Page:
|Bryant Eadon||Feb 10, 2009 10:35 am|
|Peter Schuller||Feb 10, 2009 10:52 am|
|Miles Nordin||Feb 10, 2009 11:23 am|
|Chris Ridd||Feb 10, 2009 11:27 am|
|Tim||Feb 10, 2009 12:19 pm|
|Peter Schuller||Feb 10, 2009 1:36 pm|
|David Collier-Brown||Feb 10, 2009 1:55 pm|
|Miles Nordin||Feb 10, 2009 2:56 pm|
|Peter Schuller||Feb 10, 2009 3:45 pm|
|Bob Friesenhahn||Feb 10, 2009 4:08 pm|
|Jeff Bonwick||Feb 10, 2009 4:41 pm|
|Toby Thain||Feb 10, 2009 5:23 pm|
|Miles Nordin||Feb 10, 2009 6:10 pm|
|Frank Cusack||Feb 10, 2009 7:36 pm|
|Toby Thain||Feb 10, 2009 8:53 pm|
|Bryant Eadon||Feb 10, 2009 10:28 pm|
|Eric D. Mudama||Feb 11, 2009 12:25 am|
|David Dyer-Bennet||Feb 11, 2009 7:27 am|
|Frank Cusack||Feb 11, 2009 8:24 am|
|Subject:||Re: [zfs-discuss] Does your device honor write barriers?|
|From:||Peter Schuller (pete...@infidyne.com)|
|Date:||Feb 10, 2009 1:36:08 pm|
ps> A test I did was to write a minimalistic program that simply ps> appended one block (8k in this case), fsync():ing in between, ps> timing each fsync().
were you the one that suggested writing backwards to make the difference bigger? I guess you found that trick unnecessary---speeds differed enough when writing forwards?
No, that must have been someone else.
In this case I did a sequential test exactly because any trivial optimizations done by caching drives or raid controllers, should trivially be able to optimize this particular use case of sequential writing. In other words, I wanted to maximize the chance of hitting the optimization in case caching is in fact disabled.
ps> * Write-back caching on the RAID controller (lowest latency).
Did you find a good way to disable this case so you could distinguish between the second two?
Yes. I disabled things specifically and got the expected results latency wise. In particular, with the RAID controller cache disabled and drive caches not explicitly disabled, I got latencies indicating the drives did caching (too slow to be the raid controller, too fast to be on physical disk). This I then confirmed to be the case even according to the administrative tool.
like, I thought there was some type of SYNCHRONIZE CACHE with a certain flag-bit set, which demands a flush to disk not to NVRAM, and that years ago ZFS was mistakenly sending this overly aggressive command instead of the normal ``just make it persistent'' sync, so there was that stale best-practice advice to lobotomize the array by ordering it to treat the two commands equivalent.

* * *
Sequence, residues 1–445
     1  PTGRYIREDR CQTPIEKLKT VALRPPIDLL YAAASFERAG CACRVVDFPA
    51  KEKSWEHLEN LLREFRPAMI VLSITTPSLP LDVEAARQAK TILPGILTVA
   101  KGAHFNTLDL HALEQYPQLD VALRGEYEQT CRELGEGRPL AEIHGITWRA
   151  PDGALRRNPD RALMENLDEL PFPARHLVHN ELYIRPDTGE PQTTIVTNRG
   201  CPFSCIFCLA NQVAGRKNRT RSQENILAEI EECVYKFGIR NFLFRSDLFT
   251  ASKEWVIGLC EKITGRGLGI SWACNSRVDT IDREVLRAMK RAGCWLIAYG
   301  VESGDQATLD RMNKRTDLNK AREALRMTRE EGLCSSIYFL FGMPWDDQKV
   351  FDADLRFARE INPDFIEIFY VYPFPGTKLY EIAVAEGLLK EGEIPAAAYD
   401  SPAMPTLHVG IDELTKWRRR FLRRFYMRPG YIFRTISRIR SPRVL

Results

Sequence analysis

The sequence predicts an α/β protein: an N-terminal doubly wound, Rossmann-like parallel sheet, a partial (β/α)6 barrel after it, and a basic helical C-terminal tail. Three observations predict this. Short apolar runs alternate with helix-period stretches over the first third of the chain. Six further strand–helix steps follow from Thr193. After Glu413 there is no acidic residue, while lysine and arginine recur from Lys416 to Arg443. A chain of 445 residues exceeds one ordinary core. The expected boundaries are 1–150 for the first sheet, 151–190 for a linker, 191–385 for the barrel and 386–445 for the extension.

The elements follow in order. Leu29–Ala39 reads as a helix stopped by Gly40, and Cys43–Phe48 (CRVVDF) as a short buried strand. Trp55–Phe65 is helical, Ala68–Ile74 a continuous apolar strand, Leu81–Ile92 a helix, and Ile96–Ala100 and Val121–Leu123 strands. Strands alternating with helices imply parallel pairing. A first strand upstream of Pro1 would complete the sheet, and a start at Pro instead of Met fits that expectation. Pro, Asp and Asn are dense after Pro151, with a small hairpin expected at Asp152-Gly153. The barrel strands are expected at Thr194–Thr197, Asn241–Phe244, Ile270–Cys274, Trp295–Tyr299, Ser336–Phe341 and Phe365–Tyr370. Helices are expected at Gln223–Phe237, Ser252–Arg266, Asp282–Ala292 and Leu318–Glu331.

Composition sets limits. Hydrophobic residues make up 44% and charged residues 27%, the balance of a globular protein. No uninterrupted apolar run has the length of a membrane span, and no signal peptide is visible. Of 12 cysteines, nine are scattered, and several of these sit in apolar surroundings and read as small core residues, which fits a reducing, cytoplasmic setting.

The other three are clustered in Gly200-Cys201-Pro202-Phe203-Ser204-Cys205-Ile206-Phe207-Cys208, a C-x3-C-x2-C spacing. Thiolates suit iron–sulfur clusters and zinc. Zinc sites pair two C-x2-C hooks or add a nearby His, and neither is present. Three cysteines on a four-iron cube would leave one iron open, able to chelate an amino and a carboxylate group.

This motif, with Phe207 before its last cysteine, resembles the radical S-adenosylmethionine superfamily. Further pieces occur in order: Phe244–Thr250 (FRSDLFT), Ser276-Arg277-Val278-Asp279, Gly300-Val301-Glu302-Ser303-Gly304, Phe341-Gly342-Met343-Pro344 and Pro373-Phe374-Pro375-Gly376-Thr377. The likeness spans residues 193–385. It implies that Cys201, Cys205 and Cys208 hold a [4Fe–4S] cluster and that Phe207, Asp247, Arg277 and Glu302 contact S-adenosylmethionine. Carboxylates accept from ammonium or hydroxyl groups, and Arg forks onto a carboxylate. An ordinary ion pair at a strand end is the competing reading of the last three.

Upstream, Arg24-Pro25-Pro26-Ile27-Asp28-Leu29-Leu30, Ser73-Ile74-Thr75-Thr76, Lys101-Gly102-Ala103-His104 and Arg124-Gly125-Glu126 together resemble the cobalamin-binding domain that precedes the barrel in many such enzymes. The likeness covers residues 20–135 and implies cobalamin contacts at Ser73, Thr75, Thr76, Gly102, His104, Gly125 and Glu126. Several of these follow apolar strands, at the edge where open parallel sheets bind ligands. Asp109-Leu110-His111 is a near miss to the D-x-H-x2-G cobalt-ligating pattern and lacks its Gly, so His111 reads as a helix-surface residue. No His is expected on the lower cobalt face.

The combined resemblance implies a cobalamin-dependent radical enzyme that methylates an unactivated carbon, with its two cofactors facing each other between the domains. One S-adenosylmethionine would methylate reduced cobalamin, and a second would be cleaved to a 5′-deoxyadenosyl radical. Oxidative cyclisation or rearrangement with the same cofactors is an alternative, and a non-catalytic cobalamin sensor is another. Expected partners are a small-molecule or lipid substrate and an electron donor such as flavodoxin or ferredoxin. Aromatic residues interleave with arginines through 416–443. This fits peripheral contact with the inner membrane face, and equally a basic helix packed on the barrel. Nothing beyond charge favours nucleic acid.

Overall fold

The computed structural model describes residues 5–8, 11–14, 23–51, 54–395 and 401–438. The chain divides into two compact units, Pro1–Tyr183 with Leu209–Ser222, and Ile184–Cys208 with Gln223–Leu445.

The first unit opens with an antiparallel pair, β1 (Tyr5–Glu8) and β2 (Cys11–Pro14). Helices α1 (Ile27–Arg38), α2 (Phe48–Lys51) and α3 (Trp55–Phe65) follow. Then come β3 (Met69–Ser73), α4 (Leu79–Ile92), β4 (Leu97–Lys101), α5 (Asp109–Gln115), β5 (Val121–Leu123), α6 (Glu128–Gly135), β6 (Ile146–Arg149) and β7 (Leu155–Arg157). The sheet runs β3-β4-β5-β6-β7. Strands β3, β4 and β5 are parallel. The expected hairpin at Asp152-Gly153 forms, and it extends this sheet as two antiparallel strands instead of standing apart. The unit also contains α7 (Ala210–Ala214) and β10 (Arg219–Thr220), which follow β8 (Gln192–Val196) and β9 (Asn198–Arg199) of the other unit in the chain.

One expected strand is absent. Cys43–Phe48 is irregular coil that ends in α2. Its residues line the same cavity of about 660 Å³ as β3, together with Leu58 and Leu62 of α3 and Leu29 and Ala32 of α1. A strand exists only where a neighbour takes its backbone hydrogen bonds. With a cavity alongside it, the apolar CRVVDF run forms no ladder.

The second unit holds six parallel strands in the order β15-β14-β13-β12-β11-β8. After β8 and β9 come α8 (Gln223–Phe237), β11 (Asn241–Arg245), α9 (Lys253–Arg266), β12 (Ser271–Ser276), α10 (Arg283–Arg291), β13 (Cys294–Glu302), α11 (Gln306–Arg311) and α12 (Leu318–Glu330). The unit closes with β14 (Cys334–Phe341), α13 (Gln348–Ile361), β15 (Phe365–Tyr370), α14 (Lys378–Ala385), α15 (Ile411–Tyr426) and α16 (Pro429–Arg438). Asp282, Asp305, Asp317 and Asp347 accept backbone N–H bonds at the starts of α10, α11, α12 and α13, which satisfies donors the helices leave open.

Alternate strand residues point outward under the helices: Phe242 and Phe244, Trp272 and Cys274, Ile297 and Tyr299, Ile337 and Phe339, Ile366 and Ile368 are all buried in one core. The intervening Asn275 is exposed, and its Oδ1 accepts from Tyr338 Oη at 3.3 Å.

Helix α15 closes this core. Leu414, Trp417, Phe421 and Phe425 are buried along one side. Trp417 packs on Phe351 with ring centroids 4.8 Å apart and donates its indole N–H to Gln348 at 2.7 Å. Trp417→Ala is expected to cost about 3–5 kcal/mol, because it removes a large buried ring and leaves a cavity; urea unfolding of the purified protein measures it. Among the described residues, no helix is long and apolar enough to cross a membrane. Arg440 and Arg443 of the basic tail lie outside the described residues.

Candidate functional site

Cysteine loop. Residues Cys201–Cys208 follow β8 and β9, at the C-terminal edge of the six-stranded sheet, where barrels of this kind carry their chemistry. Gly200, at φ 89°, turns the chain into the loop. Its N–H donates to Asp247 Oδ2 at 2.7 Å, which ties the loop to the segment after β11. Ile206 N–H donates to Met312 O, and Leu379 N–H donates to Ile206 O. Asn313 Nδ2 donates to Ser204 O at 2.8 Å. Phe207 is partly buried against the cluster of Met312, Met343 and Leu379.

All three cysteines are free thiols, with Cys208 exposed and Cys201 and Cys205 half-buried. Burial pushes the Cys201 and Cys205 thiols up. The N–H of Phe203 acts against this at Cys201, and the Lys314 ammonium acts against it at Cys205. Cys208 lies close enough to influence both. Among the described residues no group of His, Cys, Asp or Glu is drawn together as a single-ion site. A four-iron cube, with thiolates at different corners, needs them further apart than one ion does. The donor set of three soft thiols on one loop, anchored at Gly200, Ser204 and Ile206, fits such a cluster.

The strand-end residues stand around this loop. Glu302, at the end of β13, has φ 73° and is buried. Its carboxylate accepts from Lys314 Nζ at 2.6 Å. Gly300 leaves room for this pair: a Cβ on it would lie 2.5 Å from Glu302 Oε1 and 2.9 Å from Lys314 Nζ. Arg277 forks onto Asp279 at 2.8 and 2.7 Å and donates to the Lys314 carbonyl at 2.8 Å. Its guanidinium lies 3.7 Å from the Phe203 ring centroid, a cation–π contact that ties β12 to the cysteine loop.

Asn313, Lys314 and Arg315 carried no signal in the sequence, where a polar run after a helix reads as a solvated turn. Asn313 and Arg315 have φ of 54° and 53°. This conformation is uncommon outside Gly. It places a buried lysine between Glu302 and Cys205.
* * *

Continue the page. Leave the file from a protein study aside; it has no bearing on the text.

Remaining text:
This is something I'm interested in, since my preception so far has been that there is only one. Some driver writer has the opinion that "flush cache" means to flush the cache, while the file system writer uses "flush cache" to mean "I want a write barrier here, or even perhaps durable persistence, but I have no way to express that so I'm going to ask for a cache flush request which I assume a battery backed RAID controller will honor by battery-backed cache rather than actually flushing drives".
Hence the impedance mismatch and a whole bunch of problems.
Is it the case that SCSI defines different "levels" of "forcefulness" to flushing? If so, I'd love to hear any specific so I can then raise the question with relevant operating systems as to why there is no distinction between these cases at the block device level in the kernel(s).
Could you be referring to FUA/Force Unit Access perhaps, rather than a second type of cache flush?
Maybe it would be possible to send that old SYNC command on purpose. Then you could start the tool by comparing speeds with to-disk-SYNC and normal-nvramallowed-SYNC: if they're the same speed and oddly fast, then you know the array controller is lobotomized, and the second half of the test is thus invalid. If they're different speeds, then you can trust the second half is actually testing the disks, so lnog as you send old-SYNC. If they're the same speed but slow, then you don't have NVRAM.
True, though te absolute speeds should tell you quite a lot even without the comparison.
ps> you could write an ever increasing sequence of values to ps> deterministic but pseudo-random pages in some larger file, ps> such that you can, after a powerfail test, read them back in ps> and test the sequence of numbers (after sorting it) for the ps> existence of holes.
yeah, the perl script I linked to requires a ``server'' which is not rebooted and a ``client'' which is rebooted during the test, and the client checks in its behavior with the server. I think the server should be unnecessary---the script should just know itself, know in the check phase what it would have written. I guess the original script author is thinking more of the SYNC comand and less of the write barrier, but in terms of losing pools or _corrupting_ databases, it's really only barriers that matter, and SYNC matters only because it's also an implicit barrier, doesn't matter exactly when it returns.
Correct. You need the external server to test durability, assuming you are not satisfied with timing based tests. And as you point out, the write barrier test is fundamentally different.
so....I guess you would need the listening-server to test SYNC is not returning early, like if you want to detect that someone has disabled the ZIL, or if you have an n-tier database system with retries at higher tiers or a system that's distributed or doing replication, then you do care when SYNC returns and need the not-rebooted listening-server. But you should be able to make a serverless tool just to check write barriers and thus corruption-proofness.
Btw, a great example of a "non-enterprisy" case where you do care about persistence, is the pretty common case of simply running a mail server. Just for anyone reading the above paragraph and concluding it doesn't matter to mere mortals ;)
-- / Peter Schuller
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